The Story of Heavan and Our Family’s Struggle With Autism

AUT_Blog_DTOP_BelowTitle_300x250

Heavan was born four weeks premature with a heart condition. She was in NICU for four days and on heart medication for her first eleven months. Around the time she came off the medication, her personality began to change. She would scream for no reason, wouldn’t make eye contact, and was only content when being held tightly in a dark, quiet room.
We were told that she was probably just having withdrawals from her medication and to wait. Months of dealing with the constant screaming, crying, and aggressive behavior were wearing us out, and the doctors said they didn’t have an answer. I would cry for hours, wondering why I couldn’t help her.

After two years of just “dealing” with her behavior, her pre-k teacher suggested we get her evaluated. She hadn’t said a word at school in four months. After being her evaluation we were told she was dealing with Sensory Integration Disorder and mild autism. The diagnosis was devastating. We had just had our third baby, and having three children under five was stressful enough. But we eventually found a light in the darkness.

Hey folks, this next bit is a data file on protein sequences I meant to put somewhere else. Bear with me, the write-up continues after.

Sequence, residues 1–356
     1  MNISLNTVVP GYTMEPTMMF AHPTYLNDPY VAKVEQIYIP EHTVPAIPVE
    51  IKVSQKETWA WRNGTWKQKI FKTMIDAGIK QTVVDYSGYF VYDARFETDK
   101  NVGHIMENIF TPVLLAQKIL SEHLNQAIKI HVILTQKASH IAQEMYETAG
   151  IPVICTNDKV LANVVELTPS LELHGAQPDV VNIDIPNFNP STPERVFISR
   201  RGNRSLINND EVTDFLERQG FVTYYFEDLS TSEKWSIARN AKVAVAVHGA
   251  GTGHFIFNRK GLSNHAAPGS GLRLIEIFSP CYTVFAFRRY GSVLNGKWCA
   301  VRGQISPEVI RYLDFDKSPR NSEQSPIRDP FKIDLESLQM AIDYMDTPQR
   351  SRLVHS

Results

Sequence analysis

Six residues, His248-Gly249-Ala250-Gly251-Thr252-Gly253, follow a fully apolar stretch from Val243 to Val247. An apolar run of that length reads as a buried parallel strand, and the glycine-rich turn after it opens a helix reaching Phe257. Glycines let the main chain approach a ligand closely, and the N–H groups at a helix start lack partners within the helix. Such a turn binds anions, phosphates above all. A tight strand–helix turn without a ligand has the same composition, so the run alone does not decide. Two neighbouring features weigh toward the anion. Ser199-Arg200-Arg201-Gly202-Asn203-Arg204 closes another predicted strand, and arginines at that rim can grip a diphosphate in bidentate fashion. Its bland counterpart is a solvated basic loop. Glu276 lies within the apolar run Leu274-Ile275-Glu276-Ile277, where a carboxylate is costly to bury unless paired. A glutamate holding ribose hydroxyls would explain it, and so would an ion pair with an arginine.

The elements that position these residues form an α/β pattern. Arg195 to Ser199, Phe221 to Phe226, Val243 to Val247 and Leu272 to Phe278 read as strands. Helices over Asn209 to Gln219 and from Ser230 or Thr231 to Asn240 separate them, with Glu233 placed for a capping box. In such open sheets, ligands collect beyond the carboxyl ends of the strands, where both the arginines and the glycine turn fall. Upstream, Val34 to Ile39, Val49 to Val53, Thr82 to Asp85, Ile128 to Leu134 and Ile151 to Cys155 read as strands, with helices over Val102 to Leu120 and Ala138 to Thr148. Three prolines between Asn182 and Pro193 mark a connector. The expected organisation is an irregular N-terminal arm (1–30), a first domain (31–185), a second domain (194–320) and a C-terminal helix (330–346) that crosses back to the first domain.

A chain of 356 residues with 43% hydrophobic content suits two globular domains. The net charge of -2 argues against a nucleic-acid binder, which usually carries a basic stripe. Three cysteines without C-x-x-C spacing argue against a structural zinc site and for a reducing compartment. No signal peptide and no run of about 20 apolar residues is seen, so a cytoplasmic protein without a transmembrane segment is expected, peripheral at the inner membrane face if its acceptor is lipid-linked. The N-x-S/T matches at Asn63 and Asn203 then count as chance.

We moved to Texas when Heavan was four and found a wonderful therapy center. It took another year and several misdiagnoses before we learned Heavan was indeed autistic. We also learned our youngest has Sensory Integration Disorder. We were taught how to brush her, do joint compression, and what triggers to avoid. Heavan is now a happy, healthy seven-and-a-half year old. She’s in the gifted program at school with an IQ of 138. She has a best friend and she’s learning what her triggers are and gaining coping skills. Don’t get me wrong, we still have meltdowns, screaming, and days that nothing goes right. Heavan has autism… but autism no longer has Heavan, or our family.

Rebekka Reilly
Texarkana, TX

Proper AUT autismsite_belowcontent
The Autism Site is a place where people can come together to support people who are affected by autism spectrum disorder. In addition to sharing inspiring stories, shopping for the cause, and signing petitions, visitors can take just a moment each day to click on the red button to provide therapy for children and families living with autism spectrum disorders. Visit The Autism Site and click today - it's free!